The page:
Friends, the prophet Malachi gives us a similar reminder this morning. God is fulfilling old promises but in new ways, which is good news about a new future but bad news if all we’re committed to is the old normal. Zechariah, the father of John the Baptist, catches the joy of this in our canticle this morning. It’s not all bad news. Paul in our Philippians passage this morning rejoices that Christians are abandoning the old normal and coming to embrace the new future that God gives them in Jesus Christ, learning to live accordingly, to live differently. And so, Paul too is joyful. Luke in our Gospel puts this message on a public stage, spelling it out in terms of politics and history.

See how Luke starts with a list of who’s who in the political zoo, from the Emperor to the Governor to the client King to the local official—it’s the whole cast list from Game of Thrones. Yet Luke puts this whole nexus of power and entrenched-if-uneasy normalcy on notice, because God’s word comes to their world at a tangent, out in the wilderness.

Then there’s that lovely passage that Luke quotes from the Servant Song in Isaiah Chapter 40, so beautifully set by Handel in Messiah, with every mountain and hill made low, the crooked straight, and the rough places plain—with the community made ready to embrace the new thing promised by John the Baptizer, in his challenging call to repent.

You might read this simply as imagery of preparation for Jesus’ arrival—tidy the place up and lay out the red carpet. But René Girard reads this vision of Isaiah differently. The highs and lows, the rough places, the crooked ways, are all symbolic of a certain type of world, run by the Game of Thrones cast who begin our Gospel today: a world of violent conflict, losing and winning, of deception and avoidance, of high drama and sullen defeat. That’s the world we’re being invited to leave behind, and once we stop thinking in those terms, we’ll be able to see God clearly, we’ll be able to know what’s sacred and holy and worthwhile and what needs to be let go of. In other words, the message of Advent is that there’s no way back to humanity’s old normal. And if we were able to resist the call of God to a new human future in Jesus Christ without too terrible consequences for the last two thousand years, we’re not going to able to get away with it even for another hundred years. Because our chickens are coming home to roost.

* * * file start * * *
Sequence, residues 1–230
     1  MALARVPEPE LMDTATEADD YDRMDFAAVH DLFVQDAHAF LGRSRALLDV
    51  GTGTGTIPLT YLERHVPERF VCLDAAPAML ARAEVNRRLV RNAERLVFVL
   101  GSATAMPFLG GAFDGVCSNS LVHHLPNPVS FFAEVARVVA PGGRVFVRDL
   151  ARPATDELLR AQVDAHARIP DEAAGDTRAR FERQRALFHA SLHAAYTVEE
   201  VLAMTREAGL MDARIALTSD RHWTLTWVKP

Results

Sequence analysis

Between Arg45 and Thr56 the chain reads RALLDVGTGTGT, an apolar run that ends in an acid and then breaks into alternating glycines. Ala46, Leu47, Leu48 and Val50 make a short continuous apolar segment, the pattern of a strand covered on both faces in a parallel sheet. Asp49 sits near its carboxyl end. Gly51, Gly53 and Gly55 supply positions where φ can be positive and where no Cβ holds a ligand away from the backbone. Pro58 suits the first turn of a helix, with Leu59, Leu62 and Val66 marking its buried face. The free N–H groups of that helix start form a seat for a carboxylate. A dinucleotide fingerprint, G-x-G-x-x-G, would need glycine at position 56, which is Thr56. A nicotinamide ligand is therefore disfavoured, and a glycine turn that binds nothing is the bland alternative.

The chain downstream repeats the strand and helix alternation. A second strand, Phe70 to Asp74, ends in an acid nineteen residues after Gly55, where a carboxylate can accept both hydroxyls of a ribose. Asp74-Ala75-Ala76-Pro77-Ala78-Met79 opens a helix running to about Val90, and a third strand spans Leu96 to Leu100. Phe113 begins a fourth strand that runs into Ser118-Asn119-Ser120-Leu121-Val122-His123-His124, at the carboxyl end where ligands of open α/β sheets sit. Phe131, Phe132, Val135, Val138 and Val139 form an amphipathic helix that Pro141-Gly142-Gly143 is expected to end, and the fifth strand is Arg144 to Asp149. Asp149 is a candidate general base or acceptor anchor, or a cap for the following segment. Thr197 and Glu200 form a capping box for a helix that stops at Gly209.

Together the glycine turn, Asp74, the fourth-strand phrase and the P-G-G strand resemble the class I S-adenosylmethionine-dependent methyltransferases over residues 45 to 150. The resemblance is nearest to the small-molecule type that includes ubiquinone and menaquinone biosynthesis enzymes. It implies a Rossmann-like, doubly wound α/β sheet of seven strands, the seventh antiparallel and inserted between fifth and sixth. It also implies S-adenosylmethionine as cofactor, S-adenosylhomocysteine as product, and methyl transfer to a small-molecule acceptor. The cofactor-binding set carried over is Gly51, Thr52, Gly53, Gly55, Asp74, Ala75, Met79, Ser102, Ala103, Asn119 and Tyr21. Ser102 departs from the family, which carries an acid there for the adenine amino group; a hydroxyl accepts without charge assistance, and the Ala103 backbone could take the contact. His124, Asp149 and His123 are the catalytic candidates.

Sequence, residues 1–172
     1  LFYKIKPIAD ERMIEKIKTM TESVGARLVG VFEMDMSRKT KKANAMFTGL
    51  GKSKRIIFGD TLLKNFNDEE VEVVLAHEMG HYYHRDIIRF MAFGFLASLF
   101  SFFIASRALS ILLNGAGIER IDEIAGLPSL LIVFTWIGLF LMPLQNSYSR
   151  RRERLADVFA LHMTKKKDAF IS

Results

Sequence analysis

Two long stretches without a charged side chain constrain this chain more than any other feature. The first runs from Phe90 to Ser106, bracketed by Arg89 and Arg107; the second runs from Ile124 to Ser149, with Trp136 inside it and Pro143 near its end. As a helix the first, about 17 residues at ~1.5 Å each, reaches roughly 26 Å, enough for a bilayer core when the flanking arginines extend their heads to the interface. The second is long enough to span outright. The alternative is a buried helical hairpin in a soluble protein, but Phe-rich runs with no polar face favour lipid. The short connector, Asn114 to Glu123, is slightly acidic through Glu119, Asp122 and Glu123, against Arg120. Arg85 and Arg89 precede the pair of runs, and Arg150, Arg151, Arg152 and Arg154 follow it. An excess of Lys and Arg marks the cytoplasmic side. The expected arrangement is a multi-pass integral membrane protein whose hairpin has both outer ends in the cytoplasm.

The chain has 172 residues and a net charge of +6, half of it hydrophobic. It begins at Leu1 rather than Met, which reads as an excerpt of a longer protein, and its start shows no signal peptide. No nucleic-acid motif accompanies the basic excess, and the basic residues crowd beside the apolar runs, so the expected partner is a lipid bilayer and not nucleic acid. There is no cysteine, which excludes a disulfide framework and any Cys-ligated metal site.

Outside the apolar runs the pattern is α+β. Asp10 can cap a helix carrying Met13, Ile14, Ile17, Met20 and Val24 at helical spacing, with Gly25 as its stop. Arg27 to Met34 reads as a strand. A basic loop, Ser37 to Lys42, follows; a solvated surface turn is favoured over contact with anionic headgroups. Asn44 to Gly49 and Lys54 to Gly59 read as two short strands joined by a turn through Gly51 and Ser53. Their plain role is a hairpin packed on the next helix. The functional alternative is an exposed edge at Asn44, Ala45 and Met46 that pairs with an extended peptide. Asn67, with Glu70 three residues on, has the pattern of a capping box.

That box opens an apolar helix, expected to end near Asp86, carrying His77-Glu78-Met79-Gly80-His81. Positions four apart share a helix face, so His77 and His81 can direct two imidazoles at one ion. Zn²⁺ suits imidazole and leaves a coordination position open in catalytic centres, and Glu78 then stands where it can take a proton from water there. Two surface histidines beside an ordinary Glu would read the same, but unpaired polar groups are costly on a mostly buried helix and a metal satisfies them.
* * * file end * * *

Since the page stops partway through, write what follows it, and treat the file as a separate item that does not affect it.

Friends, the Eucharist we celebrate invites us to see ourselves and our world and our God differently, to experience an intimacy with Jesus and a solidarity with God’s people, and to go from being a Church of comfortable habit to a Church of vocational seriousness. And it’s all gift, none of it’s a curse. It’s humans who’ll make the curse, if we keep up the protests and the tomfoolery and the smug entitlement, and if we refuse the opportunity that COVID mandates and restrictions have given us to take stock. As Christians, we should be the first on board with all this, because we have Advent in our DNA, and because God calls the Church to take a lead in welcoming the new normal.

The Lord be with you . . .

St Philip's Anglican Church,
cnr Moorhouse and Macpherson Streets, O'Connor, ACT 2602.